It was also in 1839 that four Church of Scotland ministers were appointed to visit Palestine. As a Mission of Inquiry, it would be their job to look into the state of the Jews and report their findings to the Christian community in Scotland. The four that were chosen were Dr. Kieth, Dr. Black, Dr. Candlish, and Robert Murray M’Cheyne. Andrew Bonar was asked to go but was forced to decline because of commitments he had made to his church. It is interesting to note that in a time and place where Amillennialism held sway, Bonar – a driving force for Jewish missions – was a premillennialist, while M’Cheyne “saw no force in the arguments generally urged against it (Premillennialism).”2

M’Cheyne, although probably the youngest of the four missionaries, was doubtless the most remarkable. Born on May 21, 1813 in Edinburgh, M’Cheyne lived only 29 years. Yet into those 29 years he crammed a lifetime of work, accomplishing more for Christ during his brief sojourn on earth than most of us do in threescore and ten. While a minister at St. Peters in Dandee, M’Cheyne said, “This place hardens me for a foreign land.” Often he read missionary stories to his people at the weekly prayer meeting. Thus, when he was asked to go on the Mission of Inquiry, he accepted.3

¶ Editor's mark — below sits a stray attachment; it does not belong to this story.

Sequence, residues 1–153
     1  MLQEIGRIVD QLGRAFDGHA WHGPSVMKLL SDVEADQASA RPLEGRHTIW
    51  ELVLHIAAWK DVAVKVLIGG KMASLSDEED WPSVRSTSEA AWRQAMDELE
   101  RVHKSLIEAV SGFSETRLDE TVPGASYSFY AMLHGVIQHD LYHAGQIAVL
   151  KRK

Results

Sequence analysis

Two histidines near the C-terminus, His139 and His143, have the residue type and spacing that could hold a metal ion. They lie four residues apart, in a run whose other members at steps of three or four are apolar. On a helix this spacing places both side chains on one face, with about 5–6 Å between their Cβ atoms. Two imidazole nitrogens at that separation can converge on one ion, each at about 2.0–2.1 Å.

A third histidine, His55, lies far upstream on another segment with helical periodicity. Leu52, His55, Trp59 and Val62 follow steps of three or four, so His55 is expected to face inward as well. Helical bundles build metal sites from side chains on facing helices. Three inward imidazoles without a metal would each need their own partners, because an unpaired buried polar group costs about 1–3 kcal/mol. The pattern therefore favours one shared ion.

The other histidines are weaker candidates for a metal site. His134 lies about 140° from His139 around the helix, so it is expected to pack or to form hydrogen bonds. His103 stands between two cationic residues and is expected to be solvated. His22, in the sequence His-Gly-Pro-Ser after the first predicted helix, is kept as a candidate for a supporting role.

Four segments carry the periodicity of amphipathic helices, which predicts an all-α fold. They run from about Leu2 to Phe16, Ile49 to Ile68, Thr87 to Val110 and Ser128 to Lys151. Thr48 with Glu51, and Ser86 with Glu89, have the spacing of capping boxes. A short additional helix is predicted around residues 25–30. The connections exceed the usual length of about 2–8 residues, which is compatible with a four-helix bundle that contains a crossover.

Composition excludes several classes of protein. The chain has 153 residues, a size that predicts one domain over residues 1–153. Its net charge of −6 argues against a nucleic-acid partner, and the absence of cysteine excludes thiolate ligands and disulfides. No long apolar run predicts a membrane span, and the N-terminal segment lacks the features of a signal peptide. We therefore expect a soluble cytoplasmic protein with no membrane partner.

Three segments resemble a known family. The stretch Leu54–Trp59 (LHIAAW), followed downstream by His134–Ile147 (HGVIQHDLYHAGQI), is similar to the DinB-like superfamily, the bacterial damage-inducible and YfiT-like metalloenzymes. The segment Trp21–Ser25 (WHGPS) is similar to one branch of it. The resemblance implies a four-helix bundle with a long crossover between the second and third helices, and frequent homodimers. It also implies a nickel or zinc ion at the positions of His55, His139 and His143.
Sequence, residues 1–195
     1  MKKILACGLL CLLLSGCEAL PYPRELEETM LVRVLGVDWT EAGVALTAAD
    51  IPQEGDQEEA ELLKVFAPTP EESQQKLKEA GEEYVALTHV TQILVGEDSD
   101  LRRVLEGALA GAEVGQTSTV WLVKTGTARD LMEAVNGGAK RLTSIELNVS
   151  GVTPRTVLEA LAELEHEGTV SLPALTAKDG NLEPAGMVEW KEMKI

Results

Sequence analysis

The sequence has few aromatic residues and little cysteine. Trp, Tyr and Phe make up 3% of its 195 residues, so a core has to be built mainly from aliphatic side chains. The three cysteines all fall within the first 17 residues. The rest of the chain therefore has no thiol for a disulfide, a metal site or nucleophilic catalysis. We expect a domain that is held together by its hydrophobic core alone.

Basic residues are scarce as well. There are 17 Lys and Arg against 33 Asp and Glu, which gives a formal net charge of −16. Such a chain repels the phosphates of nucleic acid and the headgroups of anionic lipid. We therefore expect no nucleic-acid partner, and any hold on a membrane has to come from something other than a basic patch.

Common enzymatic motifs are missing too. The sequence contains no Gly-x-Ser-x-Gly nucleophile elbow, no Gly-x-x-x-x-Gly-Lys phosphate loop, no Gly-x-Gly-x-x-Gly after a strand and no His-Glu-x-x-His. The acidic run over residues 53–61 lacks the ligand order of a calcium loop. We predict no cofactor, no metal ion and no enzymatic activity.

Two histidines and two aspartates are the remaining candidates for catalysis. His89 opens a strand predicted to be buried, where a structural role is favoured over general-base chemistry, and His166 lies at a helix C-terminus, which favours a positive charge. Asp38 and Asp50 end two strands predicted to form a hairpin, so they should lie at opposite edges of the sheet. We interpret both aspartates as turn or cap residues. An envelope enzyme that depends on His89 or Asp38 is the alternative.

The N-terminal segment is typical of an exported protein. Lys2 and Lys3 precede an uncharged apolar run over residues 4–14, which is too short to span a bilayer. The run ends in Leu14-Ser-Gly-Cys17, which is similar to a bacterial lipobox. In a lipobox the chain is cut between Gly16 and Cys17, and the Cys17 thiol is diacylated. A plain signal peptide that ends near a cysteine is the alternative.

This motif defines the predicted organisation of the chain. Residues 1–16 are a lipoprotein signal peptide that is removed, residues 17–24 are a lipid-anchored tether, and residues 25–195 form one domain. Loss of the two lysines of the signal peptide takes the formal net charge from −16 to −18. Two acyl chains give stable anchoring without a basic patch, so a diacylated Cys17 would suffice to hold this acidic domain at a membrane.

I feel convinced that if we pray that the world may be converted in God’s way, we will seek the good of the Jews.

“What if we should see the heavenly Jerusalem before the earthly?” M’cheyne wrote to a friend. “I am taking drawing materials, that I may carry away remembrances of the Mount of Olives, Tabor and the Sea of Galilee.” In a series of letters written just before he left, M’Cheyne said, “To seek the lost sheep of the house of Israel is an object very near to my heart….such an enterprise may probably draw down unspeakable blessings on the Church of Scotland, according to the promise, ‘they shall prosper who love thee.’…I now see plainly that all our views about the Jews being the chief object of missionary exertion are plain and sober truths, according to Scripture….I feel convinced that if we pray that the world may be converted in God’s way, we will seek the good of the Jews, and the more we do so, the happier we will be in our own soul.”4

One of the first attempts M’Cheyne made at witnessing to Jews was on the ship from Edinburgh to London. Unwilling to be recognized as a Jew, the young man was befriended by M’Cheyne who was able to chat with him. Before parting, they read Psalm 1 together. While in England, M’Cheyne visited Bethnal Green, a place where there were Jewish Christians. M’Cheyne noted in his diary that it was very sweet to hear the Jewish children sing a hymn to Jesus, the theme of which was “Slain for Us.” On the ship from England to the Mediterranean, M’Cheyne studied Andrew Bonar’s commentary on Leviticus. In this commentary Bonar asked, “What, if even some of the house of Israel may have their eye attracted to the Saviour, while giving heed to the signification of those ceremonies which to their fathers were signposts in the way of life?”5 M’Cheyne felt that Bonar’s notes on Leviticus would be “suitable for meditation for us while busy with Jewish minds.”